The People’s Committee in Ha Long City, in the northern province of Quang Ninh, has announced that all kinds of fishing will be banned in Ha Long Bay’s natural reserve sites as of October 1.
Only authority-approved fishing and diving activities for tourism using traditional tools will be allowed to continue.
When the decision comes into effect, violators will be strictly punished in line with regulations, which include the seizing and destroying of fishing equipment.
The move aims to boost the protection of local fishery sources, as well as the management and promotion of the UNESCO-recognised World Heritage Site.
Ha Long Bay, or “descending dragon bay”, spans 1,553sq.km and includes 1,969 islands of various sizes. It was recognised as a UNESCO World Heritage Site in 1994 and 2000, and named one of the seven new natural wonders of the world.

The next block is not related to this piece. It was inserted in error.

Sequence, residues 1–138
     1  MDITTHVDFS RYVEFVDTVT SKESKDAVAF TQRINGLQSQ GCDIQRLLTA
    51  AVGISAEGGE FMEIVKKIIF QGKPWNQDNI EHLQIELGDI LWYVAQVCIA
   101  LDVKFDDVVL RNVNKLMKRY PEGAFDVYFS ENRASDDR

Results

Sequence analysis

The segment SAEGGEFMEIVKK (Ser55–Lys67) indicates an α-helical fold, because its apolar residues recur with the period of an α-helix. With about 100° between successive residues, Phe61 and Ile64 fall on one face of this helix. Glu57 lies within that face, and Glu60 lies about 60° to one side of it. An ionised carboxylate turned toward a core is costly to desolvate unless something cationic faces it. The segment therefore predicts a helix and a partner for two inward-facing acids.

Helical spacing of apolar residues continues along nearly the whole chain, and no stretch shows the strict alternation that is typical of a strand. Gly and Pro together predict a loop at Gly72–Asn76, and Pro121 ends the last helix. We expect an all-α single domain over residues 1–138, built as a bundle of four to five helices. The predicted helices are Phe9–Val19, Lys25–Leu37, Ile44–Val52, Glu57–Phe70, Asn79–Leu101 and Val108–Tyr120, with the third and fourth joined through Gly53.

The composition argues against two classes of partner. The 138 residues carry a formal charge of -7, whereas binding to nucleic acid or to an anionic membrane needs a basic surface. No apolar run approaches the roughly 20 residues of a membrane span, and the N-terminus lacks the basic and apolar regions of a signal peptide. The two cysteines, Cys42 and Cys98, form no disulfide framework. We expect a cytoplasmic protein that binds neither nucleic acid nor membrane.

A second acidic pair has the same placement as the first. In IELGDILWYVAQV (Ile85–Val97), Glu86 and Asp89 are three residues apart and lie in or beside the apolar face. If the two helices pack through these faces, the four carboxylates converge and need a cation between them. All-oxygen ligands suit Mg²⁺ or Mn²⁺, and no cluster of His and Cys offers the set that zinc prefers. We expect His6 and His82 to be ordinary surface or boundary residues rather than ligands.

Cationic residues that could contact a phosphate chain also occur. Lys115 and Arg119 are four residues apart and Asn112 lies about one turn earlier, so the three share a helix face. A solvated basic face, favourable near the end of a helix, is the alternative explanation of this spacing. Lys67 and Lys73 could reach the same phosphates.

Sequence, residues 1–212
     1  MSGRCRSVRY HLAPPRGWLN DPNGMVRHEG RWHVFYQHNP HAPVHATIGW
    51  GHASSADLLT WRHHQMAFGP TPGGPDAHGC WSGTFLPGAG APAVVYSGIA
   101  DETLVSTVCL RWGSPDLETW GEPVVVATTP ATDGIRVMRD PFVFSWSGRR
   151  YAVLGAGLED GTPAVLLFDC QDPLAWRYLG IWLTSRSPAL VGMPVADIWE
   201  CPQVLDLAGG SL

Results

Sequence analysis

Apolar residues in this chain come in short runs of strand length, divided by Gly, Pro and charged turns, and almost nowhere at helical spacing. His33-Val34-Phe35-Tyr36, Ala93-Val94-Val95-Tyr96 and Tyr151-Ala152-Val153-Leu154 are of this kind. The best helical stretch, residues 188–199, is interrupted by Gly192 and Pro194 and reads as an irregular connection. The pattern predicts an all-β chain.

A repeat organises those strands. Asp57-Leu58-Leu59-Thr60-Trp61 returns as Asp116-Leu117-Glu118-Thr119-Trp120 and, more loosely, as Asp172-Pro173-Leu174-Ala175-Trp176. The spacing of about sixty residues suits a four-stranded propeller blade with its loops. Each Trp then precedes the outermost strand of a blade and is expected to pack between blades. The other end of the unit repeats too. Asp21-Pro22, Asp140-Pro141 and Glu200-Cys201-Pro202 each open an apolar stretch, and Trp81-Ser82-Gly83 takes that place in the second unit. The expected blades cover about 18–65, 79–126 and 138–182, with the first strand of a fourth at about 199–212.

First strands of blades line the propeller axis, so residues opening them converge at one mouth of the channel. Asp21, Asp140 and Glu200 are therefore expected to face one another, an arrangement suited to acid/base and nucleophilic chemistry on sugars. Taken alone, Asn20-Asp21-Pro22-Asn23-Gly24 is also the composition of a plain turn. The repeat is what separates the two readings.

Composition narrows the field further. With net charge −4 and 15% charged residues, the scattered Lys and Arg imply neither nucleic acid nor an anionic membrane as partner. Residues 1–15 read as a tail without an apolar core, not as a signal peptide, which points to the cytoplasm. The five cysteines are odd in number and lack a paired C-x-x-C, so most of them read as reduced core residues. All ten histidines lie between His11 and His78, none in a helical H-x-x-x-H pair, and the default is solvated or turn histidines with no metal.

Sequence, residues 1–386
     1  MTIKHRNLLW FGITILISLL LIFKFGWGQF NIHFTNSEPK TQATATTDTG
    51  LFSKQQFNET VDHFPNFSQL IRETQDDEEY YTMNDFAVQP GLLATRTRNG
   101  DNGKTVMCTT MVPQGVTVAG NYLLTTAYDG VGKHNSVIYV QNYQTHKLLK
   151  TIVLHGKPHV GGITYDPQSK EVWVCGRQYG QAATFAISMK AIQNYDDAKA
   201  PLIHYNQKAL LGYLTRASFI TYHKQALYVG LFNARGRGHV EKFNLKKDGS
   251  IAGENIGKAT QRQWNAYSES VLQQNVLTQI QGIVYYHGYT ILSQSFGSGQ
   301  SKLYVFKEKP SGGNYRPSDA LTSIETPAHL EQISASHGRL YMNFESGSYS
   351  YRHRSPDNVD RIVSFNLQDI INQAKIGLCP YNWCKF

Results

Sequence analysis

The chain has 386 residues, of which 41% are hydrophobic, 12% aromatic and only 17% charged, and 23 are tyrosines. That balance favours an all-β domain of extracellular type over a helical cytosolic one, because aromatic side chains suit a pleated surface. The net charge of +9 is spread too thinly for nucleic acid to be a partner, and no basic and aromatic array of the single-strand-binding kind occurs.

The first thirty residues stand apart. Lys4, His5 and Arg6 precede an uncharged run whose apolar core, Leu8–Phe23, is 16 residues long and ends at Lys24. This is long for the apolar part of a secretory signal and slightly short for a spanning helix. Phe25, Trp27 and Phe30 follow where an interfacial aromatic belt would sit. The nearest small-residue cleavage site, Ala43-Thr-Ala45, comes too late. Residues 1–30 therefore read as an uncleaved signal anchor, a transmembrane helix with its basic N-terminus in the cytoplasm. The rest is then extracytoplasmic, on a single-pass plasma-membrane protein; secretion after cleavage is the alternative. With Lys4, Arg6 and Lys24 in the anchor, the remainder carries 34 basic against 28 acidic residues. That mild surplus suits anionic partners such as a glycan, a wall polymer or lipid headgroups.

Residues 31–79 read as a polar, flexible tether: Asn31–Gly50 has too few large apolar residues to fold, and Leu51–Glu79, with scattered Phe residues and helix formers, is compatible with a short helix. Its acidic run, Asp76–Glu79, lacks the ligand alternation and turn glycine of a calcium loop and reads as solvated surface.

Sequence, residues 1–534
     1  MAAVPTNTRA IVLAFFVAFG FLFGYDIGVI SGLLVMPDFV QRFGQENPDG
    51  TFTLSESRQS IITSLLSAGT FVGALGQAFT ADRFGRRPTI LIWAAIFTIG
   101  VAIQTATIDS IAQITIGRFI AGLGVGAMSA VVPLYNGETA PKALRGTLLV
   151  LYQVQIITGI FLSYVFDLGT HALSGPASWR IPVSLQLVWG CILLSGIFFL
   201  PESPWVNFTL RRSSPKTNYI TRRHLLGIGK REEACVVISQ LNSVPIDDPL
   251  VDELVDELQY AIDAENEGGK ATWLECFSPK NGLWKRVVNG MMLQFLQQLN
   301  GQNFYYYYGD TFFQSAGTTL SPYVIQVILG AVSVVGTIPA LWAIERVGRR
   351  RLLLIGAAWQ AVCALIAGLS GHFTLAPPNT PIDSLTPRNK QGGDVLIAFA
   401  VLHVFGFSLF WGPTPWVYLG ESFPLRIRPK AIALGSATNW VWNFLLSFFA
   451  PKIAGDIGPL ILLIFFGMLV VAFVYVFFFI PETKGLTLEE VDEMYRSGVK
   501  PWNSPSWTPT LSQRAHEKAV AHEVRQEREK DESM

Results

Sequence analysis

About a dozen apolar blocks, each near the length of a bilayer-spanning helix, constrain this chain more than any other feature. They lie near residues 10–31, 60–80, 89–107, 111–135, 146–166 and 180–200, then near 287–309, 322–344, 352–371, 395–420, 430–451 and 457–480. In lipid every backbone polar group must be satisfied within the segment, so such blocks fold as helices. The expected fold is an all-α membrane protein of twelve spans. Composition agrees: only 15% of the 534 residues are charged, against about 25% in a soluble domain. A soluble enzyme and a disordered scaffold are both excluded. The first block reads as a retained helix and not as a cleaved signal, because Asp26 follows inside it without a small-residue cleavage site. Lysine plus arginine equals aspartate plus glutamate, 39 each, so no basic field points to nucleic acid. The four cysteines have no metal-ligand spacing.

The bay features thousands of limestone caves and islets in various shapes and sizes.
The limestone in the bay has gone through 500 million years of formation in different conditions and environments. The geo-diversity of the environment has created an impressive biodiversity, including a tropical evergreen biosystem and an oceanic biosystem. Ha Long Bay is home to 14 endemic floral species and 60 endemic faunal species.
The heritage site has become a magnet drawing visitors to Quang Ninh.
According to the provincial Department of Tourism, on the recent National Day holiday from September 1 to 3, Quang Ninh welcomed 86,000 tourists, including 19,000 foreigners, at an increase of 20 percent and 25 percent year-on-year, respectively.
Also during the three days, 1,400 ships took more than 30,000 tourists, including 12,000 foreigners, on sight-seeing tours around Ha Long Bay.